State budgets are rarely interesting mostly pedantic and always lack vision. For the first time Rajasthan state budget has broken all these three paradigms. Vasundhra Raje the chief Minister who holds Finance and 12 other portfolios in the state, on July 14, announced a budget full of surprises and bold promises. Hoping to follow the Modi model in Gujarat she has announced numerous populist schemes. Almost as if it was an election budget and not the first budget of her new government. The issue is that between the promises and finances there is a huge gap. Rajasthan’s bureaucrats have still not understood that the Gujarat model is based on pragmatic funding for every initiative.
The surprise is that a state that for very long could not think beyond tourism and trading of marbles is laying down a ambitious investment roadmap. It is ambitious of the CM to lay down a road map for 2020, to meet promises on power, water and even availability of medical services etc.
The confidence shows in the top line where the total Plan outlay for ‘14-15 is set at Rs.69,820 crore compared to Rs.40,500 crore in 2013-14.a huge jump of 72 %. And a fiscal deficit target estimated at 3.52 % of Gross State Domestic Product (GSDP) at Rs.20,186 crore. Rajasthan has tried in the past to keep its fiscal deficit target below 3 per cent as per the recommendations of the thirteen finance commission. CM has clearly thrown caution to the winds and is willing to fund growth through spending. It might look brave but it will not be prudent in the long run as borrowing will rise.
CM is banking on taking risk now and hoping it will pay returns later as the estimated interest payment in 2014-15 is Rs.10470 crore which is 9.87% of total revenue receipts, which is lower than earlier estimates as she is hoping for much higher revenue receipts. The total revenue receipts are estimated at Rs 1,06,124 crores, Gehlot government in its last full year budget of 2013-14 estimated an increase of 8 % in total receipts at Rs 81,552 crore, mainly because of increased tax receipts of 15 %. Raje has gone beyond projecting a 30 per cent increase in receipts and she is banking on divestment and PPP to fund it. There are no major new taxes, besides a high entertainment tax of 30 per cent. Will better collection help, the CM is looking at establishing 16 computerized border check posts possibly to improve tax collection. But it is such a steep target and the disinvestment plan so lack luster that the state is bound to fall short on its targets.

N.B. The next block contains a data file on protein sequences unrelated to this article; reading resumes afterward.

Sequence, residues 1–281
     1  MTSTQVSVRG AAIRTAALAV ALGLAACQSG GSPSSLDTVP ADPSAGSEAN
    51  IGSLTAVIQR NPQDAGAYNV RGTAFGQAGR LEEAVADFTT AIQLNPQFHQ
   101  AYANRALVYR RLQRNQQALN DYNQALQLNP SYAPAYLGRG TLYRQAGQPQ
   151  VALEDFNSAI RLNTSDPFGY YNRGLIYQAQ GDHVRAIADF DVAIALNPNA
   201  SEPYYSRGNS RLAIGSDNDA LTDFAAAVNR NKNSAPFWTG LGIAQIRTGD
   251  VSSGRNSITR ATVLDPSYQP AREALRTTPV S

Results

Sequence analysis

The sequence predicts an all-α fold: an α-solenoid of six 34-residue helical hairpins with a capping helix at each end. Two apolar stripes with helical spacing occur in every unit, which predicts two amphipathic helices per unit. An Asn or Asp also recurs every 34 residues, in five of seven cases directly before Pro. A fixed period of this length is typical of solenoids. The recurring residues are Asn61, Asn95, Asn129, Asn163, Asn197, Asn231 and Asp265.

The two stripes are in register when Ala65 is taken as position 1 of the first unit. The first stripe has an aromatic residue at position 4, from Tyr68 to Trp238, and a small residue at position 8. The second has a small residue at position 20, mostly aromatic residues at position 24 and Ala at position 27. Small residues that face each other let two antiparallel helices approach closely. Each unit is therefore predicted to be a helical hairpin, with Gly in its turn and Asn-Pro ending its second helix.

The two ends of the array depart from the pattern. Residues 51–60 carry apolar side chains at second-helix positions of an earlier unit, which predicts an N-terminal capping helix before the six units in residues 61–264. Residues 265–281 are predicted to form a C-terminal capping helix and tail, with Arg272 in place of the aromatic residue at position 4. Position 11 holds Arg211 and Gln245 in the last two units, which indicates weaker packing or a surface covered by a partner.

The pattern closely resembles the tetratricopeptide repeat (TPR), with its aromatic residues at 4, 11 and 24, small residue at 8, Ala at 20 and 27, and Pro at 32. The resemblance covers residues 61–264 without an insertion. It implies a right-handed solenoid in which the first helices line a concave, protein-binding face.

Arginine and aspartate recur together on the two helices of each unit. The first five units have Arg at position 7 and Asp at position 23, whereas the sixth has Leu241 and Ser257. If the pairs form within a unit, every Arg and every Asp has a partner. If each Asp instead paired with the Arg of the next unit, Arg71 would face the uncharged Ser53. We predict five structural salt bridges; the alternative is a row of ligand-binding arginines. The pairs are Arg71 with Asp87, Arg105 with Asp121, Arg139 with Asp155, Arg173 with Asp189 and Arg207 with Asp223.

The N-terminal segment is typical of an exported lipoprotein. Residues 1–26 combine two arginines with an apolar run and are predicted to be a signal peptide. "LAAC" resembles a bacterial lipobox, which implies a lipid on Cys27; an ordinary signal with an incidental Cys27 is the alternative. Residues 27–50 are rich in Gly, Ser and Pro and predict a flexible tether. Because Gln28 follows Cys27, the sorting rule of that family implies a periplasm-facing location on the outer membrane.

Some disinvestment targets are not even pragmatic. For instance dis-investment of 10% equity of Rajasthan Vidyut Utpadan Nigam Ltd. and Rajasthan Vidyut Prasaran Nigam Ltd. No investor would not be interested in a 10 per cent stake as it gives no control., the budget also announces divestment of other power distribution entities through a PPP route. It is difficult to understand this half way disinvestment the state wants money but is still willing to accede control.
Moreover, the distribution companies are reeling under massive losses of Rs 75,000 crores and are not attractive investment option. Rajasthan also wants to divest 10 to 25 per cent of equity stake in Rajasthan State Industrial Investment and Development Corporation (RIICO),Rajasthan State Road Development Construction Corporation, and Rajasthan States Mines and Mineral Corporation . While the state has set ambitious targets for both investments and collection it has lost its nerve when it comes to divesting the stake. As again which company would be interested in 10 or 25 per cent stake. Moreover, while RIICO has large assets under its control its mandate is not something that will attract private sector looking for profits. A better divestment could have been industrial parks under RIICO.
The state is looking at driving investment and is looking at overhauling its whole investment policy. It has ushered in a change by revising the labour laws to make it easier for smaller companies to hire and fire employees. It is now looking at a new Investment promotion policy, customized package for large & employment intensive investments. Another policy for attracting FDI and domestic investment in the defence sector. A revised textile promotion policy and a special promotion scheme for Electronic System Design and manufacturing Sector. Revised ceramic promotion policy and slew of other initiatives. There are just too may policies that the state wants to announce, but even if all these policies are successful in attracting investments it will take anywhere between 3-4 years for them to materialize on the ground.
It seems that the Chief Minister is clearly inspired by bold announcements and the Modi model and has prepared a budget speech, Unfortunately it seems that the bureaucrats in the state have not done their homework on building sustainable financing models. The tragedy is that a politician can only set the ambitions the system has to rise to meet it.
(K Yatish Rajawat is a senior journalist. He is the founding Editor in Chief of Business Bhaskar (Hindi) and former Managing Editor of Dainik Bhaskar group. In a span of close to two decades he has worked with Economic Times, Businessworld and The Hindu Business Line newspapers. He tweets at @yatishrajawat)